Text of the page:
Mulching effectively controls soil erosion, especially in rain-fed areas [126]. Mulching techniques can increase soil moisture to stabilize topsoil and reduce wind erosion during periods of high evaporative capacity [127]. Mulching could reduce soil erosion by increasing infiltration [128], reducing the impact of raindrops [129], reducing runoff velocity [9], improving soil structure and porosity [130], and improving topsoil biodiversity [131]. No-tillage or reduced tillage measures can reduce soil erosion and nutrient loss [132], thereby preventing soil erosion [133]. Above all, the effect of straw mulching and tillage management on the soil environment is shown in Figure 1.

3. Effects of Straw Mulching and Reduced Tillage on Crop Growth, Grain Yield, and WUE

3.1. Water Use Efficiency

Water use efficiency (WUE) usually refers to the ratio of grain yield or crop biomass to water consumption, which can reflect the growth and production of crops per unit of water consumed [134]. Straw mulching increases crop yield and water use efficiency. According to some articles, compared with conventional tillage, straw mulching can improve water use efficiency by 9–60% [135]. This may be because straw mulching can effectively inhibit the evaporation of soil water and increase the water available for the transpiration of crops [136]. Mulching increases the collection of natural water, which was transported through capillaries to low-lying areas for better uptake by crops [137,138,139]. Wang et al. [140] collected 1406 WUE values of straw mulching and no mulching field treatments and found that the water use efficiency of crops under mulching treatment was higher than that of no mulching treatment, among which wheat was the most prominent (Table 1).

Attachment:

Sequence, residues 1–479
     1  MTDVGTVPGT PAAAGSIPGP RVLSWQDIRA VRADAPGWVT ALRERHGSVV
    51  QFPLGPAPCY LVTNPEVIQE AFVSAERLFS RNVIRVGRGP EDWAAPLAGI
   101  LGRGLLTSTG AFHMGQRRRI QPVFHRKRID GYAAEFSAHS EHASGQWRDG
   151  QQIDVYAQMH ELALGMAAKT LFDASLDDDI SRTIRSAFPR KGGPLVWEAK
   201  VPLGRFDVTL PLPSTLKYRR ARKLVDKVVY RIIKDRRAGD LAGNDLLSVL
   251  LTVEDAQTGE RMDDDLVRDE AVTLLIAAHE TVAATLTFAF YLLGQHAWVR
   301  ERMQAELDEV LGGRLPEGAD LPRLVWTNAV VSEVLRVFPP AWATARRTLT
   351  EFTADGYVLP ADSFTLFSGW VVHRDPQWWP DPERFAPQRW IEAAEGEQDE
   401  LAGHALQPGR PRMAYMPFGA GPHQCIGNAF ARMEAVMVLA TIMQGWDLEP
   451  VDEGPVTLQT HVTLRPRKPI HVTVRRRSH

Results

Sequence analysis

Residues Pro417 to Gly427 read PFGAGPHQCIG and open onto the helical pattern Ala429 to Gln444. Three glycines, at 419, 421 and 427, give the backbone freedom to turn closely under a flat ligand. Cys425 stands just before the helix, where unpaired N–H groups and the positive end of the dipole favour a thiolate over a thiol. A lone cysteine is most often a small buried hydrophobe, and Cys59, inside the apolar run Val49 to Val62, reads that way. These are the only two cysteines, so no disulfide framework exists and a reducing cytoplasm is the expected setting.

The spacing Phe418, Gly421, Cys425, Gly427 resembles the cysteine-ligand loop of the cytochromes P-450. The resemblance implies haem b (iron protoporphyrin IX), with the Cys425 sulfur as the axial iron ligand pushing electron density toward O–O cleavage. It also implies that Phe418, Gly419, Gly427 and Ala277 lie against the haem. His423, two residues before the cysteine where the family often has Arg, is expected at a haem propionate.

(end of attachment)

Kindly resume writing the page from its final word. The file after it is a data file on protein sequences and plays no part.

Studies have shown that no-tillage measures can effectively improve the water use efficiency of crops, especially under drought conditions [141]. Multiple studies in the Mediterranean region have concluded that no-till and low tillage not only increase soil moisture but also improve water use efficiency [142]. Other studies have also proved that less tillage preserves more water in the topsoil layer compared to traditional farming [143]. However, contradictory studies reported that crop growth is more efficient in dry farming and deep tillage than in no-tillage implemented for several years [144]. In addition, some other studies show that the conservation tillage methods, such as no-tillage, do not affect soil water retention, WUE, or crop yield compared to traditional farming [145].

3.2. Grain Yield